J-term reveals career opportunity; internship provides experience

After taking the Advanced Laboratory class during January Term, or J-Term, at Hastings College, Morgan Killefer learned how to apply her major to a career.

A senior from Corvallis, Ore., Killefer is majoring in Physics and minoring in Biology and Math. Her goal is to enter into the field of medical physics where she can create and double check plans in radiation oncology. As a medical physicist, she would calibrate equipment to insure proper treatment to patients and perform brachytherapy treatments.

One of the reasons Killefer said she chose Hastings is because the college supported her goal of combining physics and biology. According to her, there were many colleges that wouldn’t allow it.

“I also just really liked the small class sizes and Hastings College had a way that I could tie physics and biology together and do both, whereas a lot of other schools didn’t recommend tying them both together just because it would be too big of a work load,” she said.

Coming to Hastings also gave her the opportunity to discover the field of work that she wishes to pursue. “Had I not gone here, I probably wouldn’t have found out about medical physics,” said Killefer.

In the summer of 2014, Killefer landed an internship that gave her the experience she needs in order to fulfill her career goals. After receiving a fellowship from the American Association of Physicists in Medicine, Killefer spent her summer at the University of Maryland where she worked directly with physicians.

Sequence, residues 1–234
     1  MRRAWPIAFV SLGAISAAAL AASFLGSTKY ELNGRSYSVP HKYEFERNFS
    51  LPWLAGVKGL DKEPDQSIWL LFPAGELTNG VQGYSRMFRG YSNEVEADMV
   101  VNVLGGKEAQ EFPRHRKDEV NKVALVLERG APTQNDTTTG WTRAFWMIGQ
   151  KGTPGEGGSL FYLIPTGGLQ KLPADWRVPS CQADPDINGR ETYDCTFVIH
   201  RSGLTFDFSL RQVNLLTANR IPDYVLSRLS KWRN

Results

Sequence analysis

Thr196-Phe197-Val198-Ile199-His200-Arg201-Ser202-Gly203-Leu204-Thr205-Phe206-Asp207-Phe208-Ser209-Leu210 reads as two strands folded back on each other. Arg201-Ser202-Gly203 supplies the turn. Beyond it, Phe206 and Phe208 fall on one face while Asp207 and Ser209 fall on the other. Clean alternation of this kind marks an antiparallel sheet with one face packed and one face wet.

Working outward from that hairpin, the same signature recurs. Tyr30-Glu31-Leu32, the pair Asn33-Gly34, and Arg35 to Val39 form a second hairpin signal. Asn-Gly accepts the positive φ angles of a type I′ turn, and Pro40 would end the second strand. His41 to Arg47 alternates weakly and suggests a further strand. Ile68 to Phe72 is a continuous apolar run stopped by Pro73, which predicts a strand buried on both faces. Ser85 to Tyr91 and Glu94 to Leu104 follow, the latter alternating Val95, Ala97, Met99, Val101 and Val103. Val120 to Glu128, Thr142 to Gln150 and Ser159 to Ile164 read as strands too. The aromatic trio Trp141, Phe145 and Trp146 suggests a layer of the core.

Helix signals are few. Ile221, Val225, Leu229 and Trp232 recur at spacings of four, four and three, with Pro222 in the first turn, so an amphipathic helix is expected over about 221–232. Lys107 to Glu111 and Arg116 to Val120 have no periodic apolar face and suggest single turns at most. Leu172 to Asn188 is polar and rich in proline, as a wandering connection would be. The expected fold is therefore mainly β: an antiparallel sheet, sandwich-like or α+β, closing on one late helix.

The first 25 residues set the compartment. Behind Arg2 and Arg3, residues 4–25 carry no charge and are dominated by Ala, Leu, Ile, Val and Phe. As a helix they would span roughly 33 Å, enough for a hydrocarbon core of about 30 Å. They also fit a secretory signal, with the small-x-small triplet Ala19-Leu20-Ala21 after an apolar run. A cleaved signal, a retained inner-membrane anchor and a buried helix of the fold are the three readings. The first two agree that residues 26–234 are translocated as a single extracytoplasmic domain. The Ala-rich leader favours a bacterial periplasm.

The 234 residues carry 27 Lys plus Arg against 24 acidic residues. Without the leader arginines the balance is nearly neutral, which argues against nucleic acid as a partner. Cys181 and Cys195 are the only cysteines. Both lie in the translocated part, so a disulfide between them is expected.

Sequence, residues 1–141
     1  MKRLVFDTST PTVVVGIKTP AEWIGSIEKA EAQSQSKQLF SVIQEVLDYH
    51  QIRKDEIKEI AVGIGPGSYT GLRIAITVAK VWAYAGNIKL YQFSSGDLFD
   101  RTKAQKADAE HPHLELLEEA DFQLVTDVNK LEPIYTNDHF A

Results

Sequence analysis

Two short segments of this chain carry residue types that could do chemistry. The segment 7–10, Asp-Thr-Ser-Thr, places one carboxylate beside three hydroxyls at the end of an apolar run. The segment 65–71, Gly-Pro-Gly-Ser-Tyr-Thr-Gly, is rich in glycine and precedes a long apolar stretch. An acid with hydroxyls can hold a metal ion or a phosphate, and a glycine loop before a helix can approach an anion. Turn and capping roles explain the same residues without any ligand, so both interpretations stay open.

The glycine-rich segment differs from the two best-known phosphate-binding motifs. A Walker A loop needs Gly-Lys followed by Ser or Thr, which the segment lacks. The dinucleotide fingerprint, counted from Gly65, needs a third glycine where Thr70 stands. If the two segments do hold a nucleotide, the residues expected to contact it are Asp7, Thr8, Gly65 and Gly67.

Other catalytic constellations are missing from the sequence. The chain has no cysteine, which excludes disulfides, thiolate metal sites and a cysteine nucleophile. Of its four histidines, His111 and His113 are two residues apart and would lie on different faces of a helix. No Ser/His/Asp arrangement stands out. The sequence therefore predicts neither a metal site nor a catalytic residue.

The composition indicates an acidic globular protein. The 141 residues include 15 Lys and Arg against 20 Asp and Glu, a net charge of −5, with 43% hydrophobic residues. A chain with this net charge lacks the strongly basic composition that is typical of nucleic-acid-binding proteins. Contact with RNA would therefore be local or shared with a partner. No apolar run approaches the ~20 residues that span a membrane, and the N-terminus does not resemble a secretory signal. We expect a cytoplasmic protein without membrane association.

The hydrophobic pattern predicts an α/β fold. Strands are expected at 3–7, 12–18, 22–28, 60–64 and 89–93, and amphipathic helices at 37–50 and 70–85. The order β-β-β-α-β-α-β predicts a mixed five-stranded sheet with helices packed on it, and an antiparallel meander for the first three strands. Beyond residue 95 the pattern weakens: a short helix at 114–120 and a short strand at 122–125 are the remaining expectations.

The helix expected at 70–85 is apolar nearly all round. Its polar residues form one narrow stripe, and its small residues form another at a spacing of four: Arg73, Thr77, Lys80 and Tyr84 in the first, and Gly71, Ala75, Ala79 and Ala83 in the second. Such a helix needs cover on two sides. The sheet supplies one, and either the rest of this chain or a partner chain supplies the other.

“They selected 11 people from across the country and we got to choose from a list of places where we wanted to go to study physics for the summer,” said Killefer. “They had places everywhere, from the University of Chicago to John Hopkins, and I chose to go to the University of Maryland.”

From her internship, she learned what to expect with her new-found career choice. Killefer also said it was emotional at times, seeing young children who had their whole lives ahead of them, and even older patients who had a shorter life expectancy. She enjoyed learning about medical physics, and knows that there aren’t many places that provide this kind of work.

“There are not a whole lot of programs for medical physics in the world,” she said. “Most of them are in the United States but there’s one in Korea and a couple in Canada and that’s about it. It was a good way to experience and decide that’s really what I want to do.”

Right now, Killefer said she is working on graduate school applications and she plans to get her PhD, which will take about five years. After that, she will go through a two-year residency period, and then she can start applying for a Junior Medical Physicist position.

By Amanda Miller, a junior from Woodland Park, Colo, majoring in Journalism

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